It makes sense when they put the growth of a year and age together. Prey animals grow and reach sexual maturity very quickly so the species doesn't die out, while predators at the top of the food chain grow slowly and reach sexual maturity later in life. So a large shark, that is presumably at the top of the food chain, would grow very slowly (a centimeter a year) and reach sexual maturity at around 150 years old.

What interests me is how do they mate, what do they eat?
They are clearly sharks, but do they move slowly to expend less energy? Or do they expend it in quick bursts to capture prey?

The link wasn't working for me, so here is the article I got this from:
Near-Blind Shark Is World’s Longest-Lived Vertebrate

Wednesday, August 3, 2016


Where do I even start with this article.

I got so excited when I saw it. My family has a long line of cancer diagnoses and deaths, and the thought of there being a chance of there being a cure for some of the worst incurable cases brings tears to my eyes. I have been helping out with Jen's Friends for my entire life. Jen was my aunt, and though I never got to meet her, her death has brought a community together and so much change. My uncle, was also a cancer patient and we had tried everything to cure his tumor and if this had been around he would have taken it in a heart beat (and he would have been such a nerd about it too).

This article, even though it gives me so much hope, lets me down. What are the side effects? Will it trigger an immune response that can't be stopped and rampage through the body where ever the injected cells are carried off to? What were the animal trials like for this cure? Will it be available for everyone, or will it just turn out to be stupidly expensive (like all life-saving drugs)?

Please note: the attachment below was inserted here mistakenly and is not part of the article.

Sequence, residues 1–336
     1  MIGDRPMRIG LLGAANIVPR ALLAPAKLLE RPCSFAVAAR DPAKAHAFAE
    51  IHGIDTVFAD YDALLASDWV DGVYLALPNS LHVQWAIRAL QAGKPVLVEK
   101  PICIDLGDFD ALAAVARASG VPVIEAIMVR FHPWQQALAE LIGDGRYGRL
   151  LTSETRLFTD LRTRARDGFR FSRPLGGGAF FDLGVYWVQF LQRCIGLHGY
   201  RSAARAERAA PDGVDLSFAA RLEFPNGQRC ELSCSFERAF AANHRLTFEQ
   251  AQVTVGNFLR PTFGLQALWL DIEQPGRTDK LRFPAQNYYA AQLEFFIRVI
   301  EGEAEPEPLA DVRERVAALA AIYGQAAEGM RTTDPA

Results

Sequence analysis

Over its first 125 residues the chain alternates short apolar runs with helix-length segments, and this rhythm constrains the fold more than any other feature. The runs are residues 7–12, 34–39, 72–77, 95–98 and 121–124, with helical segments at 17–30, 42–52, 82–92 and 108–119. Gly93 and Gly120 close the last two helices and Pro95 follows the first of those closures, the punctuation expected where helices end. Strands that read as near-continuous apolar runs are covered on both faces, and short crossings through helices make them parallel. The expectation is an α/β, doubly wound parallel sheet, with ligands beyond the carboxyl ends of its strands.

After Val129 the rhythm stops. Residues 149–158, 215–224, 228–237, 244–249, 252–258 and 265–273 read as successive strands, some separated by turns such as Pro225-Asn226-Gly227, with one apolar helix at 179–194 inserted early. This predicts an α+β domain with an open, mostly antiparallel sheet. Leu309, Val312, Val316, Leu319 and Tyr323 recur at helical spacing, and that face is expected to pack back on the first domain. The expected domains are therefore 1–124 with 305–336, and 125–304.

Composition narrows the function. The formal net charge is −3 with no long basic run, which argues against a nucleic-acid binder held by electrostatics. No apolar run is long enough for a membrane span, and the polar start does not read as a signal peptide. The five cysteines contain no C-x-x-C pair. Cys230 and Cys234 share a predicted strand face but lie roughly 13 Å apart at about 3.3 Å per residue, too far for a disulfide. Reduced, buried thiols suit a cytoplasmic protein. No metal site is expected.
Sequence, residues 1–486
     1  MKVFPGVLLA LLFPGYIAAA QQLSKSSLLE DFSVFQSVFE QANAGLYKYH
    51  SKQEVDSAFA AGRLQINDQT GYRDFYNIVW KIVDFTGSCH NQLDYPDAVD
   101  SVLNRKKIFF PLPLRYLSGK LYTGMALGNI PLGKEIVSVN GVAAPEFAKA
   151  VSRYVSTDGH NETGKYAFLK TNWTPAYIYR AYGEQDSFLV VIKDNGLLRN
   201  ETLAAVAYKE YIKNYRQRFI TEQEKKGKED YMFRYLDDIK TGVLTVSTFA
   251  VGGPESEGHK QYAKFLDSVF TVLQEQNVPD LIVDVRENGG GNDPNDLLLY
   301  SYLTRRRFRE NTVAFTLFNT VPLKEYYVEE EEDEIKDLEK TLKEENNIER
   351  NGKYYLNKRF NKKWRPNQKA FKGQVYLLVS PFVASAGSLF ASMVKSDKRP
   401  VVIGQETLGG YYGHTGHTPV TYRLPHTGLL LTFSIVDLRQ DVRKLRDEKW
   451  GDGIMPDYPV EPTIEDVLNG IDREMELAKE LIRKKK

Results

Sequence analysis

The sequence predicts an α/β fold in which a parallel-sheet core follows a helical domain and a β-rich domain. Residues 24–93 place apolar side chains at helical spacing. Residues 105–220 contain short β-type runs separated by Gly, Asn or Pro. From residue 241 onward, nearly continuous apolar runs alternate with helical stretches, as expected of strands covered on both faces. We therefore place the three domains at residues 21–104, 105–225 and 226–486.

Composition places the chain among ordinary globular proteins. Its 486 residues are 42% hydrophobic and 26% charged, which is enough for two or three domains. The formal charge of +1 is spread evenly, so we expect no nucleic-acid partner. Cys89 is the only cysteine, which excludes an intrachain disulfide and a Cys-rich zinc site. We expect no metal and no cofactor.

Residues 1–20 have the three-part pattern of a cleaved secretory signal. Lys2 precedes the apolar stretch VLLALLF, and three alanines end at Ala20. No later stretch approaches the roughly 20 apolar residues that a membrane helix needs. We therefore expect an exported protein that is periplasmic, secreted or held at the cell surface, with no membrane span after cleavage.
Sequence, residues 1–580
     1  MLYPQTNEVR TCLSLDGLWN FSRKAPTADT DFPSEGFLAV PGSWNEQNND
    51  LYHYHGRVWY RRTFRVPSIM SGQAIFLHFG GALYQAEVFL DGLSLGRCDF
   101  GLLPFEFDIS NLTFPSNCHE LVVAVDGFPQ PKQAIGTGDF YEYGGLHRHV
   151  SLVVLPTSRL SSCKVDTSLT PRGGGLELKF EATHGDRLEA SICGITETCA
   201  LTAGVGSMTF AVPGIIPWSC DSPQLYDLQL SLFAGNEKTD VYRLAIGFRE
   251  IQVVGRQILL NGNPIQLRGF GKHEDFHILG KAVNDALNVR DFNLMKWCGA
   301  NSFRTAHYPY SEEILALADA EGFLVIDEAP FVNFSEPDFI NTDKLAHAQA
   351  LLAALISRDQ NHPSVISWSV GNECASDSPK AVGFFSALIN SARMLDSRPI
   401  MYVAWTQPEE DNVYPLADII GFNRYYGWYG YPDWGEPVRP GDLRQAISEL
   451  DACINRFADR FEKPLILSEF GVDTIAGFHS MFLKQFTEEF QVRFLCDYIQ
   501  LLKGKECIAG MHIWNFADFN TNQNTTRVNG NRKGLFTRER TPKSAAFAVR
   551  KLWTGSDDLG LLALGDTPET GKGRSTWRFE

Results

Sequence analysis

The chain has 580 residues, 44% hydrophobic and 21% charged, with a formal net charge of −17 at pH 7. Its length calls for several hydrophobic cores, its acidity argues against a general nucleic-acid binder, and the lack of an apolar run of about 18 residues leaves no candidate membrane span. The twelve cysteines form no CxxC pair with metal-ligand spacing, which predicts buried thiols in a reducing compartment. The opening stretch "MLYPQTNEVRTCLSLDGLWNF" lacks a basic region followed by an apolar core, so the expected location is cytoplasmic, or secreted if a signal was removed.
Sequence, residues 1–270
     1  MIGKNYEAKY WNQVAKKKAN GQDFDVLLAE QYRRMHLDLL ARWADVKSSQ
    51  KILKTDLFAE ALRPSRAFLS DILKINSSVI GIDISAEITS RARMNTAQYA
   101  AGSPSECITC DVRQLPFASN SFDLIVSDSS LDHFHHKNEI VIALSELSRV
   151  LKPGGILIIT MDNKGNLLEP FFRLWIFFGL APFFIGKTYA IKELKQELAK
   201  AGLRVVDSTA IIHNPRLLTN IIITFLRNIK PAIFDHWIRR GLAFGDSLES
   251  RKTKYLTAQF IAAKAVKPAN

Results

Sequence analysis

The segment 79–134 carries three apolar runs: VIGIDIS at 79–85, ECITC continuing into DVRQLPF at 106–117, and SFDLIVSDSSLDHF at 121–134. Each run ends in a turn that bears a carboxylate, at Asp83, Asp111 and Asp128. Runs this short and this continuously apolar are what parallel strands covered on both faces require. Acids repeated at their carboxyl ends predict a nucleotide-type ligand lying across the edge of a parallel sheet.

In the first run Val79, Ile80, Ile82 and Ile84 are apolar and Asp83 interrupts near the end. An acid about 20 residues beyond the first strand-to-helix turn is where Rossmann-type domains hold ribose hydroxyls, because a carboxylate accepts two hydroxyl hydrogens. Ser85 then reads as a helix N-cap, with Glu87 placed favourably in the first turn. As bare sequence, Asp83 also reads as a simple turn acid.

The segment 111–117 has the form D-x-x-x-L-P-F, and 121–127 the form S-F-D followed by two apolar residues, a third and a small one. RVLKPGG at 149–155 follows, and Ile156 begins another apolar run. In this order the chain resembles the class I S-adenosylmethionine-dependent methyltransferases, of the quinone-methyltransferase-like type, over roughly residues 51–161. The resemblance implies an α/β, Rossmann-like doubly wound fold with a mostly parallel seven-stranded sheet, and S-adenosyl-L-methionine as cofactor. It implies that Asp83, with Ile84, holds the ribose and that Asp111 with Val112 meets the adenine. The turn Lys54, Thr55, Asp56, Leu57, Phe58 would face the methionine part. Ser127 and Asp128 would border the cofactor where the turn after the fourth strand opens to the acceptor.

I am skeptical, but I really do hope that it works!

Tuesday, July 19, 2016


This was the final time feeding the ducks, I did this about a couple days ago, but I didn't have the time due to work and family. But I'm going to miss these little guys, cause I left work yesterday (during the lull in the rain) and they were all gone. I don't know if it is permanent or temporary, but I hope they come back soon!!

Saturday, July 9, 2016

Reptile scales share evolutionary orgin with hair, feathers

What truly interests me about this article is what would the common ancestor look like?

They, the scientists, all agree that there is a common ancestor that helped the evolution of feathers and hair along. If so, was the development of these characteristics a mutation or an adaptation?
This common ancestor would have been a very interesting thing to look at, was it large or small? Did it look more avian, mammalian, or reptilian? 

Now it seems like common knowledge that lots of dinosaurs had feathers and scales mixed together (i.e. any raptor), but were there any with hair and scales?

It can be agreed on, for the most part, that dinosaurs evolved into birds (the closest living relative to a dinosaur is not a crocodile, it is the common chicken). But then, what is the closest living mammal to the dinosaur?

This article just brings up more questions and with the preservation of fossils and completion of them declining will we ever find out?


Never have I been so excited to see ducks, these little guys always hangout by the pond right next to Heritage. After the first feeding (I fed them earlier that week) they waddled right up next to me. The babies are so cute!!!

Thursday, July 7, 2016


So right by Storyland (the place I work) there is a giant pond that has many ducks. Most of them have babies so they are just so cute to feed, 'cause they waddle right up to you and quack (I almost died of cuteness)!